|Budget Amount *help
¥2,600,000 (Direct Cost : ¥2,600,000)
Fiscal Year 1998 : ¥400,000 (Direct Cost : ¥400,000)
Fiscal Year 1997 : ¥900,000 (Direct Cost : ¥900,000)
Fiscal Year 1996 : ¥1,300,000 (Direct Cost : ¥1,300,000)
Drawbacks and limitations in platelet transfusion include limited supply, transmission of infectious diseases, febrile reaction, development of alloimmunization and high cost. Clinical application of platelet substitutes should now be considered to overcome these problems. Ideally, artificial platelets should act as platelets in vivo. However, there might be even more difficulties in the development of artificial platelets than that of red cell substitutes, because of the complexity of platelet functions. Platelet thrombi should be formed only at the site of vascular injury and no platelet should be activated or aggregated in normal circulation. Only a limited number of substances have been studied for platelet substitutes. Some of these were reportedly reactive with adhesive ligands or with normal platelets in vitro, or effective in enhancing the hemostatic functions in thrombocytopenic or thrombocytopathic animals in vivo. No platelet substitute has been reported to be effective for
hemostasis in large clinical studies.
Platelet glycoprotein (GP) Ib/IX complex is a receptor for von Willebrand factor (vWF), which plays a crucial role in primary hemostasis. We have expressed in CHO cells a domain of Gplba (residues 1-302 of mature GPIbalpha) that retained a vWF-binding function (Murata Metal et al. J Biol Chem 266 : 15474, 1991). To create a candidate platelet substitute, we have incorporated this recombinant fragment (gammaGP1balpha) into liposomes composed of egg lecithin, cholesterol, and phosphatidylglycerol (10 : 5 : 2, by molar ratio) and evaluated their functions in vitro and in vivo. For some experiments, lipids were labeled with rhodamine. gammaGPIbalpha on the liposome surface was detectable by flow cytometry using a FITC-labeled anti-GPIba monoclonal antibody. Agglutination of gammaGPIbalpha-liposomes was monitored by an aggregometer PA 100 (Kowa, Japan), that measures changes in light scattering. Addition of vWF and ristocelin (R) caused specific agglutination of gammaGPIbalpha-liposomes, that was completely abolished by an anti-vWF monoclonal antibody NMC-4. Agglutination of rhodamine-labeled liposomes was also demonstrated by fluorescent microscopy. We next examined whether heterologous aggregation, i.e., attachment of liposomes to platelets, would occur. Platelet-rich plasma (PRP) was first mixed with rhodamine-labeled gammaGPIbalpha-liposomes, and R was added to induce platelet agglutination. Rhodamine-fluorescence was strongly positive in platelet aggregates. When gammaGPIbalpha-liposomes were mixed with PRP at low platelet concentration (20-80x l0/ml), gammaGPIbalpha-liposomes dose-dependently enhanced R-induced platelet agglutination as assessed by PA 100. In summary, GPIbalpha-liposomes were incorporated into platelet aggregates and enhanced platelet agglutination. gammaGPIbalpha-liposomes may bind vWF and accumulate on growing thrombi in vivo, serving as a sensor of thrombi, a drug delivery system or a platelet substitute supporting hemostasis in thrombocytopenic individuals.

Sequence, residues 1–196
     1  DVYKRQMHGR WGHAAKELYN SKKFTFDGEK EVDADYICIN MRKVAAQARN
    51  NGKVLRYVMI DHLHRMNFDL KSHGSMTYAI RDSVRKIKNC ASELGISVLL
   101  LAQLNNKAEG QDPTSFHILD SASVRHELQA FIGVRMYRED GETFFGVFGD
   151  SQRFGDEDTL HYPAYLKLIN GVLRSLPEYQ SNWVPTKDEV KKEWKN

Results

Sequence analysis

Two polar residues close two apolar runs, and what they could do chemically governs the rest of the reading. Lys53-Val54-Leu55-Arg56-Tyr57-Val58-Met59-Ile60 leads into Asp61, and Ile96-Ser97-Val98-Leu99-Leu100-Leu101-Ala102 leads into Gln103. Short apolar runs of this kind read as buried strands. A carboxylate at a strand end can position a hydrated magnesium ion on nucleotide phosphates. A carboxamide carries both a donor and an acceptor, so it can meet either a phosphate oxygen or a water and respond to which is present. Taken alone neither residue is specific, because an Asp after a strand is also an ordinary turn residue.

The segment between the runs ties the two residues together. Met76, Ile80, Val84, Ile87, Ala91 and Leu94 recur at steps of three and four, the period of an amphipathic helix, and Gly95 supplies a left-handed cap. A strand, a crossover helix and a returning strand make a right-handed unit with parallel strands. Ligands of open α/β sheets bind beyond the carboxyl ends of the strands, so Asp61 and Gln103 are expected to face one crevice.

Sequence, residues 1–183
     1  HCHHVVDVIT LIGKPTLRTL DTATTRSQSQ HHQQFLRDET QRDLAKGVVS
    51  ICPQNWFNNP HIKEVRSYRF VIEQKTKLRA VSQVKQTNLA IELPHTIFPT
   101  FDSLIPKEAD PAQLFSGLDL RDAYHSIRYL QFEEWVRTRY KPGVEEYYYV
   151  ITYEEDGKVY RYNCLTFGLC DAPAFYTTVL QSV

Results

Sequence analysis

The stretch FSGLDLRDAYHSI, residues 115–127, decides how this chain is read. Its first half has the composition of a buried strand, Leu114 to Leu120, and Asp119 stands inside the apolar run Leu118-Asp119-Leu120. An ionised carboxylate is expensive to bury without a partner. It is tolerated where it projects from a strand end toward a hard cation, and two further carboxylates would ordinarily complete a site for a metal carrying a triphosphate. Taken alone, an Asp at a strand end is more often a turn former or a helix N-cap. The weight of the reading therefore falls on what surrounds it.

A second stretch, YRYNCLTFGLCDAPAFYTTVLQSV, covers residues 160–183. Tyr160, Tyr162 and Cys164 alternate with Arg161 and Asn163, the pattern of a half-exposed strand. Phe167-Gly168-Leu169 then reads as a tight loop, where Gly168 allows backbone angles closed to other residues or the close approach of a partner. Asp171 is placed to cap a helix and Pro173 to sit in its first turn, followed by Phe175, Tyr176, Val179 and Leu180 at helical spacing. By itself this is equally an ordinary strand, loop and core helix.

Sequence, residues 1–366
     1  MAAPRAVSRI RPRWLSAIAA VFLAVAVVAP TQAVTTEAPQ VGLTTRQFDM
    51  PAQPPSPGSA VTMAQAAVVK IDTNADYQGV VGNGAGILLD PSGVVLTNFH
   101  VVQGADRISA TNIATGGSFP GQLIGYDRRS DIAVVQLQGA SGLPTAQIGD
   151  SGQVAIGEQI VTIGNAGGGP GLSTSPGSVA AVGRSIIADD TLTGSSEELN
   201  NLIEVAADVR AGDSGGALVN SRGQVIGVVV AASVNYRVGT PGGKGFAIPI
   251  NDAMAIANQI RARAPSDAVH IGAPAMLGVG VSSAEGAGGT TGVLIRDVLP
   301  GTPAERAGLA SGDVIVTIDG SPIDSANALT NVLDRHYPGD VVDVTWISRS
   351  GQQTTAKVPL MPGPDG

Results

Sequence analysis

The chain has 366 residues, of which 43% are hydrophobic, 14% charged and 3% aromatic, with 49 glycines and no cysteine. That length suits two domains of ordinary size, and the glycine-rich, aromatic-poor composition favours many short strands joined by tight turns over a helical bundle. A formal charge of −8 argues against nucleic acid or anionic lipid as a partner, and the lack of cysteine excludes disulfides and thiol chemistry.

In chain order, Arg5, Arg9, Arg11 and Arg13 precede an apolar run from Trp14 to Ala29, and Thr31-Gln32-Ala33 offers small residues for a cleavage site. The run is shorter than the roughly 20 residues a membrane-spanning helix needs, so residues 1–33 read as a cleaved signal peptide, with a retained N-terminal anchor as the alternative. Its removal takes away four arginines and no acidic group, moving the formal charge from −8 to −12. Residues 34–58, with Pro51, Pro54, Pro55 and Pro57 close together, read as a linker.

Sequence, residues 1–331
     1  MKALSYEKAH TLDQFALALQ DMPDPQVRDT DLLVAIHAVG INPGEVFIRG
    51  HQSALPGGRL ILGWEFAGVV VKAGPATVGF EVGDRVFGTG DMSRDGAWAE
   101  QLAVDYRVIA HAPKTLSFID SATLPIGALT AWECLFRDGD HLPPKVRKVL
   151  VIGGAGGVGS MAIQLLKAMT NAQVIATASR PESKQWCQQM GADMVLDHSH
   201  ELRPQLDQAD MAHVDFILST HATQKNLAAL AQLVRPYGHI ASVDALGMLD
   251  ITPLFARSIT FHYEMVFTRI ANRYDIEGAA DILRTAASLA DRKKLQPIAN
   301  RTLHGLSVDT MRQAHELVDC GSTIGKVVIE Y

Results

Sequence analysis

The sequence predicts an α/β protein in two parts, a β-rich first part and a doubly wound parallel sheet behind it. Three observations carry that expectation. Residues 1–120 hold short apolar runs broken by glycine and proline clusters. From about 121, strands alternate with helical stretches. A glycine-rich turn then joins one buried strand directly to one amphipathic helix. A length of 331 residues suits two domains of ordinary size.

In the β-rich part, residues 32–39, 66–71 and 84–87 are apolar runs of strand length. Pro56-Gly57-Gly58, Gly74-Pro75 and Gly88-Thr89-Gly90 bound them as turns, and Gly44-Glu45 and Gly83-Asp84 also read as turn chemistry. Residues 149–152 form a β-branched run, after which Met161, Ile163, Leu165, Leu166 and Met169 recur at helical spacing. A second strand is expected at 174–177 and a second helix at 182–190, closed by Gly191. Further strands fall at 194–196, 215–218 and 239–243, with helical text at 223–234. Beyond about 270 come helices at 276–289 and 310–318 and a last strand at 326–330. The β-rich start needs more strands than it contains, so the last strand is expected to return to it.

in vivo study using rat thrombosis model that has artificially-created arterio-venous shunt showed that infusedgammaGPIbalpha-liposomes specifically accumulated to the thrombosis site suggesting that they may be incorporated into thrombus and may support hemostasis in vivo. Less